Lounge access programme Priority Pass today announced its members will now be able to access the British Airways lounge at Amsterdam Schiphol Airport. This means passengers traveling in any class, and on any airline, will now be able to use the lounge. While BA Lounge access with Priority Pass is a great new addition for its members, what does it mean for British Airways passengers?
Until now, access to BA lounges has been a luxury reserved for BA’s business and first class passengers, and those with Silver and Gold status in their Executive Club frequent flyer programme. In what may be the first of a few experiments, BA is now using their lounge at Schiphol to generate revenue. BA Lounge access with Priority Pass could eventually lead to at-the-door pricing, without the need for a Priority Pass Membership.
An unavoidable outcome of this move is that BA lounge reception staff will now need to take payment from Standard Priority Pass customers. Will this create slower check-in lines at the lounge entrance? We expect BA will be monitoring this closely.
BA isn’t the first to experiment with allowing paid access to its lounges to passengers. SkyTeam already allow Priority Pass members access to its lounges across the world, but some don’t permit access at peak periods (normally the 2 hours before a big KLM or Air France flight leaves). No such restrictions are advertised for use of the BA lounge at Amsterdam, and it also welcomes guests on both “international and transit flights.”
Capacity and crowding are likely to be most concerning for Executive Club members. No doubt BA have selected this lounge as its under-utilised and Priority Pass is a way of getting occupancy up while getting paid for it. How they manage admission during peak periods is something we’re interested to learn more about.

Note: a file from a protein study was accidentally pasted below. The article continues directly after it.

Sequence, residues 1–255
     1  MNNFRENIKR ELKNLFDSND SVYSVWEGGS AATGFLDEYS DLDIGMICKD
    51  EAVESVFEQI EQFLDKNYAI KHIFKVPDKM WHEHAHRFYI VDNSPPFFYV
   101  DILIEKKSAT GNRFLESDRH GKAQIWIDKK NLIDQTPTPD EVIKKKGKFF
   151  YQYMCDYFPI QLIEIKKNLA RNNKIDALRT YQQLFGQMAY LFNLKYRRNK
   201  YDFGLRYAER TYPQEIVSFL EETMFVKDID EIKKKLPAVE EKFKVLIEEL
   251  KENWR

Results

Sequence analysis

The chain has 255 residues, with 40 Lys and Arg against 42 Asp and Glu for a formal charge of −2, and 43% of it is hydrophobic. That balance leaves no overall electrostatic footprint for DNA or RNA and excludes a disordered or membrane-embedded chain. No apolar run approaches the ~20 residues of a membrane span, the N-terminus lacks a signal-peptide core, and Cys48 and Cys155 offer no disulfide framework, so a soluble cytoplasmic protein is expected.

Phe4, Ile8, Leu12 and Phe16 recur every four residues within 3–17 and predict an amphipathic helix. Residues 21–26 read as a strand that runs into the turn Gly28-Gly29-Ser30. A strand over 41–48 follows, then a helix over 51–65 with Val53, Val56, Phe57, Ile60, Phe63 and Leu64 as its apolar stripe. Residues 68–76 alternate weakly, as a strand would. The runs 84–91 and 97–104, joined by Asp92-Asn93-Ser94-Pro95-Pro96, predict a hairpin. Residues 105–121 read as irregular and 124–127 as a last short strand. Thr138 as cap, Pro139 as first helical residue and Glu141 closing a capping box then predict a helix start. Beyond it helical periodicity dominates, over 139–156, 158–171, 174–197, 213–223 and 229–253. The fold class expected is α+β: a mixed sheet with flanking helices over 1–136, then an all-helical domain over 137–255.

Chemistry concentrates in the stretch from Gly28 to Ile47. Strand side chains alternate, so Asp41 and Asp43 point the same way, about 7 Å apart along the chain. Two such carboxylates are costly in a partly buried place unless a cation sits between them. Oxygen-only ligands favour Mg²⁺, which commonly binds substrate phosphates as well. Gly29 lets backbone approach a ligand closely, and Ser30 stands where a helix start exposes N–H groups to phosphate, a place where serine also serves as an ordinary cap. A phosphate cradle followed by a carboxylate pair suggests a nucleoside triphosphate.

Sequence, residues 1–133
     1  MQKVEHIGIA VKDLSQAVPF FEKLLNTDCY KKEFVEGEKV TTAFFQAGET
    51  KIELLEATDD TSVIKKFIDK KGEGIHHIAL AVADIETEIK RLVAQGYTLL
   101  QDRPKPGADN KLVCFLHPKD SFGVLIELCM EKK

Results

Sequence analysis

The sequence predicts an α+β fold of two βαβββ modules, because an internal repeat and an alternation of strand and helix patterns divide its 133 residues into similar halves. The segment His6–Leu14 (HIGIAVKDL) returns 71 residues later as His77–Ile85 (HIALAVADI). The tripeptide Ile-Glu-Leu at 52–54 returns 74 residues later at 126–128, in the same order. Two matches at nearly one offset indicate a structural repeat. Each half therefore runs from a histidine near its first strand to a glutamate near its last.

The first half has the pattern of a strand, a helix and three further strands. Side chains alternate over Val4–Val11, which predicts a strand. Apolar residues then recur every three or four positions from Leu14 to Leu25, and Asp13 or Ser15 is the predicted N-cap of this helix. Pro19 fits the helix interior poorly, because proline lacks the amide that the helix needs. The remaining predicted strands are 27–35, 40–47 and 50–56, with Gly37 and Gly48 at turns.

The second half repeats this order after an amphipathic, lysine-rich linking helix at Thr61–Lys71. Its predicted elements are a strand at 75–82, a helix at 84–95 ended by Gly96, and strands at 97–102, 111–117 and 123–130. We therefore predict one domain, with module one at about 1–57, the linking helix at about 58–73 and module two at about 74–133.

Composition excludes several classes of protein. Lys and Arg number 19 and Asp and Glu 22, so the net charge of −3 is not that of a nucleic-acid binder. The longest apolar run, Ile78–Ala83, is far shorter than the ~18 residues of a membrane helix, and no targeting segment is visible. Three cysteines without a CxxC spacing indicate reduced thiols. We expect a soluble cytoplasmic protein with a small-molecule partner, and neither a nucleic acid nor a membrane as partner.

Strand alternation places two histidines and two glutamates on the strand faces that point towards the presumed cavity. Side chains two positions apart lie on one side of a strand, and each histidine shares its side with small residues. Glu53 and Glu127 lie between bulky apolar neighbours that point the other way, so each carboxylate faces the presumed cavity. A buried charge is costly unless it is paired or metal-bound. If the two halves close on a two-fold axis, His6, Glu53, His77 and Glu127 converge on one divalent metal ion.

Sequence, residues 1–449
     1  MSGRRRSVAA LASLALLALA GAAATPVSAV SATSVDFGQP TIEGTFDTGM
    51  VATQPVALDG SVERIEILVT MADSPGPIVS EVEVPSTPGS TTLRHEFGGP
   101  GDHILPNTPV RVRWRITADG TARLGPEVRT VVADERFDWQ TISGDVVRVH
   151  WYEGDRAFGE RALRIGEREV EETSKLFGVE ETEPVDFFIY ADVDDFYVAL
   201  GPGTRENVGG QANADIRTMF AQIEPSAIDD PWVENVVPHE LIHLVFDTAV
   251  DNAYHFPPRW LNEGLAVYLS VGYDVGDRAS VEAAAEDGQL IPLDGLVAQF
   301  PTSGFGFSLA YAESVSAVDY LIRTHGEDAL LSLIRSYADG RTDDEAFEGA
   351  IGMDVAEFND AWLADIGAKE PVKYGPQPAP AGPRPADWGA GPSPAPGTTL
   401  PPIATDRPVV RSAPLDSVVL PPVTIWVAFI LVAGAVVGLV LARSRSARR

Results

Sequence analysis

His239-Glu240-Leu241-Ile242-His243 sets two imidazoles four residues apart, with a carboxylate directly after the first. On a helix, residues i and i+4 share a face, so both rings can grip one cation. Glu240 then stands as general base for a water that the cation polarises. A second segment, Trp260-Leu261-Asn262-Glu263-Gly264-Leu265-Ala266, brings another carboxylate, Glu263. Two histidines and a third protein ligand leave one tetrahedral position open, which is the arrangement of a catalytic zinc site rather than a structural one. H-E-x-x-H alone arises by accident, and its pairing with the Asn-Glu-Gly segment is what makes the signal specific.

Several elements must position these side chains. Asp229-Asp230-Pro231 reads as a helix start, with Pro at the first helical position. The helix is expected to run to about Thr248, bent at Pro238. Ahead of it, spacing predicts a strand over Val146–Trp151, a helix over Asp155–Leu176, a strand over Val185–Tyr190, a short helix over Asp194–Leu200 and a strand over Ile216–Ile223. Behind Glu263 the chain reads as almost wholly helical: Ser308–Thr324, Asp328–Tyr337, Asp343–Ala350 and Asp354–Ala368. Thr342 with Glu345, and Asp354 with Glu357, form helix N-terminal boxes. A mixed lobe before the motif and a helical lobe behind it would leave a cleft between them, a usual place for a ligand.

The British Airways lounge at Amsterdam Schiphol Airport is located on the third floor above departure area 2 and 3 (Also known as Lounge 40). It was refurbished in 2015 to look like BA’s flagship Heathrow lounges. Here’s a link to the lounge on the Priority Pass website.
So, what happens next? Will more British Airways lounges be opened to paying guests? We expect it will depend on how well the experiment goes. When it comes to the lounges at Heathrow and Gatwick, we suspect demand-shaping practices will be employed that will see paid access restricted to off-peak periods. We’ll be watching closely because further BA Lounge access with Priority Pass announcements seems likely.
Have you been to the Amsterdam Schiphol Lounge since Priority Pass was introduced? Let us know what you saw in the comments below.